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Re: A wood carving I just finished

I like it a lot and my wife does too! Those are nice keep sakes or gifts. I've said to Wrangler the other day that I think you are the most diverse in talent on this web site. There may be others but many people don't feel comfortable about sharing their art forms. Its a shame because its not bragging. Its about being happy with what you come up with and frankly I think is an encouragement to others to try new things.

Now I'm not bragging but I'm better than average person at carving. My dad got me started when I was in the second grade by carving potatoes to learn how to shape figures and later harder woods that obviously are more hazzardous to work with. So learning the wood characteristics is very important not just for shaping but for safety. I can't remember cutting myself more than a couple of times until I started losing strength in my hands about 10 years ago when arthritis started to affect them. But my point here is I didn't just appreciate your work but learned something from you in this post. I'd never heard of kevlar gloves being used for carving purposes. You can bet I will be looking for some now. I may buy a few smaller pair for two of my grandsons who have taken up carving already if they make them that small.

Saying the above about my grandsons reminds me of last Christmas. My son bought one of his son's a nice knife for a present. I observed it obviously wasn't discussed between my son and his wife because when the present was opened at our family gathering at our house, the wife looked on commenting disapprovingly. In fact she said he'll probably cut his finger off. I kid you not it wasn't 3 minutes later that while we were watching the other two sons open their gifts we heard a small whimper and looked around to see a wince on his face and blood trickling to the floor. I know I can't tell you what the other two boys presents were and I doubt anyone but their mom knows either. Me I snickered and said, "Yep he's a Weldon alright!" And the 5 year old said "I told him it was dangerous!" Well this Christmas my son in the same family setting and tradition handed his son a rather long package to open. He tore feverishly at the wrappings and what did he pull out .... a bush axe? I immediately took him aside and started instructing him on proper use before he cut his toe off.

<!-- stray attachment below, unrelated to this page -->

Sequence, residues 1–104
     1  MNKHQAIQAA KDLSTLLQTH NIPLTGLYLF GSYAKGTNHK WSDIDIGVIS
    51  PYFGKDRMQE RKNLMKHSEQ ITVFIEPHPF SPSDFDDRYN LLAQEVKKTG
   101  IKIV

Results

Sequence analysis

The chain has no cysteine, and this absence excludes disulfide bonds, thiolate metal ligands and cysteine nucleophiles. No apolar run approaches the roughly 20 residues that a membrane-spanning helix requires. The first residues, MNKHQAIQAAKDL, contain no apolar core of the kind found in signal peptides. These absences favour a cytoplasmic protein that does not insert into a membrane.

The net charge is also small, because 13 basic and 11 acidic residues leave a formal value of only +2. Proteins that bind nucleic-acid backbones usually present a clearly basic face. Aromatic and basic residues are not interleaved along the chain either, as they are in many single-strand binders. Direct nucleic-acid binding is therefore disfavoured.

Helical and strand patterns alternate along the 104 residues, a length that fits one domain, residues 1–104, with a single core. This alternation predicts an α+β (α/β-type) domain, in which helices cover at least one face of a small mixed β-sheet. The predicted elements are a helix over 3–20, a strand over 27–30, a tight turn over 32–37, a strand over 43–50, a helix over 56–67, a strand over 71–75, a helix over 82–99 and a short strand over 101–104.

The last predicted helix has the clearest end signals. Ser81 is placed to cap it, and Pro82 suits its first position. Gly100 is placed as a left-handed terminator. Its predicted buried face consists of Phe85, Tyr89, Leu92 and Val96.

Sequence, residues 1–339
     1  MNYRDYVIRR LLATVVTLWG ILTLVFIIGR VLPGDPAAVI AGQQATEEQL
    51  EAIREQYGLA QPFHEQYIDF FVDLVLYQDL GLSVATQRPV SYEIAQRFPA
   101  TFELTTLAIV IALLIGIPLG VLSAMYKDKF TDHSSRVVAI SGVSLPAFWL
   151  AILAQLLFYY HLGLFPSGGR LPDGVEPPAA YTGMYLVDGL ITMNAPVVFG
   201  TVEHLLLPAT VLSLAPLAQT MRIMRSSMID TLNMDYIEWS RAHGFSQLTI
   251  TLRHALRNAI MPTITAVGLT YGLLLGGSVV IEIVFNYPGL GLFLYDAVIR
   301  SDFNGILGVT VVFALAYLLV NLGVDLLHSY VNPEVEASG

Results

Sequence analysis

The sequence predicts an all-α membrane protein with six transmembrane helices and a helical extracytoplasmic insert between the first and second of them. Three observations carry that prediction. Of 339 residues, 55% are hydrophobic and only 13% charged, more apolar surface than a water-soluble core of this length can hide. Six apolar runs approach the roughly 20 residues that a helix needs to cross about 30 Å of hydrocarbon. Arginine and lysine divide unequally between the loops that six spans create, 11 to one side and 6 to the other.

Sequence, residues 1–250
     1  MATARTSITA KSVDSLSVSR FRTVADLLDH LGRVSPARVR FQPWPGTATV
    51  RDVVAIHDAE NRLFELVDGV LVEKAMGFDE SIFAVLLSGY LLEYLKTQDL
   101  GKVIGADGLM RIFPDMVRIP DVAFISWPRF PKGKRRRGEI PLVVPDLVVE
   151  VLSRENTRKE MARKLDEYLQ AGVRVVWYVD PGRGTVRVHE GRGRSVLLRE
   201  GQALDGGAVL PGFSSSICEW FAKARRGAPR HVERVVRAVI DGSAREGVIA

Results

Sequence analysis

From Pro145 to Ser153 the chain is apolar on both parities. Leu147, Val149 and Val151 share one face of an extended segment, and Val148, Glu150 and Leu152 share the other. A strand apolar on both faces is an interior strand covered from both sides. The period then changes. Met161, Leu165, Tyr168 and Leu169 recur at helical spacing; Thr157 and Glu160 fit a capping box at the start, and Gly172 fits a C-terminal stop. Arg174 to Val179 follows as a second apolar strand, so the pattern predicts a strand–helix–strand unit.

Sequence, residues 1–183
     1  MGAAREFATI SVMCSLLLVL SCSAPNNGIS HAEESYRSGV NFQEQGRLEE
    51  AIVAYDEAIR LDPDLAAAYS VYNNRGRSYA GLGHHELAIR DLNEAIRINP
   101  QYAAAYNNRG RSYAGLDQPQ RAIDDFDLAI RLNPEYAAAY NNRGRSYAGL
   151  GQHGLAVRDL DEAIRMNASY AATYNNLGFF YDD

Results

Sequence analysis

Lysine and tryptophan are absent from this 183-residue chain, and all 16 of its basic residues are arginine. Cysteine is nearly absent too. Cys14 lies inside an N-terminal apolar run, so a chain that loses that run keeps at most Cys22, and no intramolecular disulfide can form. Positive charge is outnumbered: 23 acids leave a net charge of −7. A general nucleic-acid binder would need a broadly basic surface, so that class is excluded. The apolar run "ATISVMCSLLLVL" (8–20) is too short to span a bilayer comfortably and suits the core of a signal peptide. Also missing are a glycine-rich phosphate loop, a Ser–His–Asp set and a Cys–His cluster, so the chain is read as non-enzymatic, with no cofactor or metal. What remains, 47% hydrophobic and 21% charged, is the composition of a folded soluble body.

I'm sure you already know this but most people don't that may read this. The hands are historically known to be the hardest thing to paint or to carve. In fact artists were paid extra for hundreds of years to include hands in a painting at almost double the price. I'm sure Ed would verify this. If you look at older paintings and many carvings you will note they are usually in a position to allow the elimination of one finger. Almost all cartoons have figures with only 3 or 4 digits. So no one has any right to expect anyone to do well in reproducing hands in art forms. I think you did a GREAT job and would be proud to display it. I think more is to be achieved by incorporating other details as you have because the average person isn't even going to look at the hands and appreciate how arduous and complicated it is. One final tidbit on art ...... The three most cited paintings and sculptures by common folk not schooled in art are the Mona Lisa, The Last Supper, and the Praying Hands.

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